Kill Without Shame
Kill Without Shame is the second book in Alexandra Ivy’s ARES Security series, and while mention is made of a plot thread concerning one of the team who has been receiving threats which I assume was begun in the previous book, that plotline is not really advanced here so this one can be read as a standalone. That said, I can’t really recommend it, as the whole thing is incredibly unexciting; the romance is seriously underdeveloped and not at all believable given the context, and the suspense is pretty much non-existent – the fact that it took me over four days to read shows how easy it was to put the book aside.
ARES Security is a high-tech, high-end firm set up by five men, brothers-in-arms, who bonded when they were held prisoner by the Taliban during a tour in Afghanistan. The hero of Kill Without Shame is Lucas St. Clair – the son of a senator – who is estranged from his wealthy, but coldly aloof parents, but whose name still opens doors. He is not above using that name and family connections when needed, but mostly, he wants to leave his old life behind him and concentrate on the new one he is building. That becomes difficult, however, when he is informed that an old acquaintance from his school and college days, Tony Hughes, has been shot and killed in the street, and that he was clutching a picture of Mia Ramon – an old flame of Lucas’ – when he died. Worse, the picture had the words “Kill her, or else” scrawled across it. Lucas didn’t know Tony well – they were from completely opposite backgrounds – but Mia is important to him; even though they haven’t seen each other for fifteen years, he still carries a torch for her and can’t bear the thought of her being in danger.
Mia is a successful businesswoman in her hometown of Shreveport, running a landscaping and garden design business that she has built up from her father’s much smaller operation. The last person she wants – or expects – to see in her office is Lucas St. Clair, and their reunion is frosty. Lucas walked out on her with no explanation fifteen years earlier, and she hasn’t seen him since; he broke her heart and she is not about to put herself through it again. She can’t deny that he’s become a devastatingly attractive man, or that she still feels the same pull towards him as before, but she is determined to keep him at arm’s length, no matter what. Mia looked on Tony as a friend and used to employ him from time to time, so she’s naturally upset to hear of his death – but she has no idea of why anyone would want him dead, and even less as to why she would be a target herself.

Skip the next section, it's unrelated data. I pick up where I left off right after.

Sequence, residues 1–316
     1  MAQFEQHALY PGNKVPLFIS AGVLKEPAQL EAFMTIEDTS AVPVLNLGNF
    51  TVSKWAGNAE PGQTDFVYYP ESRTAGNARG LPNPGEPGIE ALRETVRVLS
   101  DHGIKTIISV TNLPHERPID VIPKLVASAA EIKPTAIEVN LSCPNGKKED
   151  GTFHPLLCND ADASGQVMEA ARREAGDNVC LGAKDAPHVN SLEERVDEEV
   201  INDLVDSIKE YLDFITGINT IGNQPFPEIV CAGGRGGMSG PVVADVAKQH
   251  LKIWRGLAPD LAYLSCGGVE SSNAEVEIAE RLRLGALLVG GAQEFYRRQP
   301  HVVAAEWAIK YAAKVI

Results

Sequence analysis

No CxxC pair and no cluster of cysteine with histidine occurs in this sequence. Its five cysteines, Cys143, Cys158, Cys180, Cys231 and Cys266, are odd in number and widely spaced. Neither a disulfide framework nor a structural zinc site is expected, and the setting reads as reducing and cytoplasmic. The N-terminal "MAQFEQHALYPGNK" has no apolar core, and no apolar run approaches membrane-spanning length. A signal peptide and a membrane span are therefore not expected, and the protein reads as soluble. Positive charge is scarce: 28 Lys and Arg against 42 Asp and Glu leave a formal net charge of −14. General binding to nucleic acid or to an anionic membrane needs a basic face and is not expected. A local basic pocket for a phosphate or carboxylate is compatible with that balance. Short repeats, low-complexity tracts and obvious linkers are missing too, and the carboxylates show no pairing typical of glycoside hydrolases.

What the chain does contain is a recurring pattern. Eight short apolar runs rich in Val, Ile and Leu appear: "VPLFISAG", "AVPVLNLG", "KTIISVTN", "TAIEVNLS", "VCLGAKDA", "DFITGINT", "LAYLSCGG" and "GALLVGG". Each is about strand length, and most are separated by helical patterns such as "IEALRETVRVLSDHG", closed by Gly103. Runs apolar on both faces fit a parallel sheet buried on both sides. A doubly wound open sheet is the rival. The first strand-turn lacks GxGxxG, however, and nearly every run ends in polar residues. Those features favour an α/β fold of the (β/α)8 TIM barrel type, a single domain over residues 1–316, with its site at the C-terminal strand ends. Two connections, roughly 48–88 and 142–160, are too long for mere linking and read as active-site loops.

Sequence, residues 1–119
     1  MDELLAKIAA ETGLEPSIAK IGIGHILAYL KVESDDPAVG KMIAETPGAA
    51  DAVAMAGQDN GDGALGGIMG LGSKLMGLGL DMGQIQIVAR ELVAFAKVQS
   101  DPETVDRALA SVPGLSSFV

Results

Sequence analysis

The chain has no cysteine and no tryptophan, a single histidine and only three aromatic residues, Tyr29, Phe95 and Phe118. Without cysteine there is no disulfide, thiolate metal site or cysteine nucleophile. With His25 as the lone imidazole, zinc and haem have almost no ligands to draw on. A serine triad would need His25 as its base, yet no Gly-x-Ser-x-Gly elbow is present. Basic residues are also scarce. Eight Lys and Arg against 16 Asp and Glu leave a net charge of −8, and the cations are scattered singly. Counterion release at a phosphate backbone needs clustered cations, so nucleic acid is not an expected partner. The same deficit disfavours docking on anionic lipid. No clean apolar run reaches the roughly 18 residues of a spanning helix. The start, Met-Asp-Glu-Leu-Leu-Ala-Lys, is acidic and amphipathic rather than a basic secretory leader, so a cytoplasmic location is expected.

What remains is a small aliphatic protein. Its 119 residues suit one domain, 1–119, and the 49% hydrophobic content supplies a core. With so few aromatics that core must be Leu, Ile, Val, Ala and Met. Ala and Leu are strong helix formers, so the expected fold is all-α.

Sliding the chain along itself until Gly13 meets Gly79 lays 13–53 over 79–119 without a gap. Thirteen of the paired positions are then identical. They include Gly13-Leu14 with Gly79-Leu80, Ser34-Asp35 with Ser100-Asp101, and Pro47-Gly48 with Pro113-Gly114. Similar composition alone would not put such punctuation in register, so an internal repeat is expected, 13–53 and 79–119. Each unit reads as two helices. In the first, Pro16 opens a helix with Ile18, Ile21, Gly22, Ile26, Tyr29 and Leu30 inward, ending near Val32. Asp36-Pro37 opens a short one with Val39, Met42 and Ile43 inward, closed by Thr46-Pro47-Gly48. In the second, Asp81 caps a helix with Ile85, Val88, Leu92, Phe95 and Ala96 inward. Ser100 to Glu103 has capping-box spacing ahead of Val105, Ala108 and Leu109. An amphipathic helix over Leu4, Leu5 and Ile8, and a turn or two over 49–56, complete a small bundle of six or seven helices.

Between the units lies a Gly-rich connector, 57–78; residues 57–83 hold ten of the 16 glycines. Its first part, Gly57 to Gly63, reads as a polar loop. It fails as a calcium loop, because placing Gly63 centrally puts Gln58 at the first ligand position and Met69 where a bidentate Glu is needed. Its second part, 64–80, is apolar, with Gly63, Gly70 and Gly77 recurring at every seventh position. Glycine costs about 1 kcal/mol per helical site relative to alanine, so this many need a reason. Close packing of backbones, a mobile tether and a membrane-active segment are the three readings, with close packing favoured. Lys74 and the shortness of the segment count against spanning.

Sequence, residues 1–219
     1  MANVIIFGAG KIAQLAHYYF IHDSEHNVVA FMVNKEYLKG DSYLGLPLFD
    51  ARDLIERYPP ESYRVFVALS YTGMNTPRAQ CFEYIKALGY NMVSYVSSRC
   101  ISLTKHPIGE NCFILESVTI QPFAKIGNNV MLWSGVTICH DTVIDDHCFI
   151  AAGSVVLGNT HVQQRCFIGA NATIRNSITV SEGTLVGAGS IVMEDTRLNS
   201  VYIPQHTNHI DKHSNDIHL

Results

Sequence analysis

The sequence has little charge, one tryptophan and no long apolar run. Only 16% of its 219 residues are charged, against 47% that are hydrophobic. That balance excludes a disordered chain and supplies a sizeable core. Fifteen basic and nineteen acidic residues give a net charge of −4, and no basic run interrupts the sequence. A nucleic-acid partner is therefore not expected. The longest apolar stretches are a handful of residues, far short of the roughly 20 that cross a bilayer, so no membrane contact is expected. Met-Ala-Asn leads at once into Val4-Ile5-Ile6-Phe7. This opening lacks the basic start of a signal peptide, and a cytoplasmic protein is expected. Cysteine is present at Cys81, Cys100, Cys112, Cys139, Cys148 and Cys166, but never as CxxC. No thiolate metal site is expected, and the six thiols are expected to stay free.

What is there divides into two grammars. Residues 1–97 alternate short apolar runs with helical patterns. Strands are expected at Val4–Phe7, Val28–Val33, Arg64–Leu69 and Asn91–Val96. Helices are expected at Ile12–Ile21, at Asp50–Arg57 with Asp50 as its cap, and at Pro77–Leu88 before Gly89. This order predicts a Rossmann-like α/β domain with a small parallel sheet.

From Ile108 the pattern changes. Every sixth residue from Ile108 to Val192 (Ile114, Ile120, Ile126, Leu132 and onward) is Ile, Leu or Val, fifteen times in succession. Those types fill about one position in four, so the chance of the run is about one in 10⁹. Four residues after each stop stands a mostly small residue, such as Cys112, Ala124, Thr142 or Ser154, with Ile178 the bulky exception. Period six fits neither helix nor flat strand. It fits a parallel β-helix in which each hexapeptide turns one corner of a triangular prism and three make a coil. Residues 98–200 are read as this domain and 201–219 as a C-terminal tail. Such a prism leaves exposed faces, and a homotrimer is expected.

Lucas naturally wants to investigate Tony’s murder and the threat against Mia – and keep her safe. It’s not long before their enforced proximity is rekindling the old feelings between them, or long before they’re giving in to them, but even then, Mia is determined to keep things on a casual footing as a means of self-protection.
The stakes are raised, however, when an attempt is made on Mia’s life. With help from his team, Lucas gradually uncovers a series of misdeeds that dates back decades, implicating people Mia cares about in a morass of embezzlement, blackmail and murder. Lucas and Mia have to work together to uncover the truth, even as the killer is closing in on them.
From that description, you’d be forgiven for thinking this is a fast-moving thriller with a sexy romance on the side, but it’s nothing of the sort. The pacing is pedestrian and the romance is perfunctory and, frankly, unbelievable; Lucas and Mia haven’t seen each other in FIFTEEN YEARS – and they’re hopping into bed together the day after their reunion. They split up when Lucas was eighteen – I’m assuming Mia was around the same age – and there is a massive difference between what someone is like at eighteen and what they’re like in their early thirties. They are – or should be – very different people now, yet there’s no sense of them getting to know each other again. In fact, there’s no romantic development at all – although I do give the author credit for having Lucas be open about his feelings for Mia and prepared to put himself out there, even when it’s clear to him that she is still not sure about him. There is a cute secondary romance in the story – between Mia’s assistant, Taylor, and the local detective assigned to the case – which is actually more interesting than the non-romance between Lucas and Mia.
The mystery plot is reasonably well put-together, but there’s only one possible villain, which takes away any element of suspense pretty early on, and the storyline is fairly predictable. The characterisation overall is paper thin and I never connected with either of the principals; and not only is the main romantic relationship a disappointment, there is no real sense of the emotional bond we’re told exists between Lucas and the other ARES team members.
All in all, Kill Without Shame – which makes absolutely no sense as a title! – is a lacklustre book that proved a big disappointment. I’m not invested enough in any of the characters to want to pick up another book in the series, and quite honestly, not suitably impressed with any facet of this one – writing, plotting or characterisation – to be inclined to read this author again.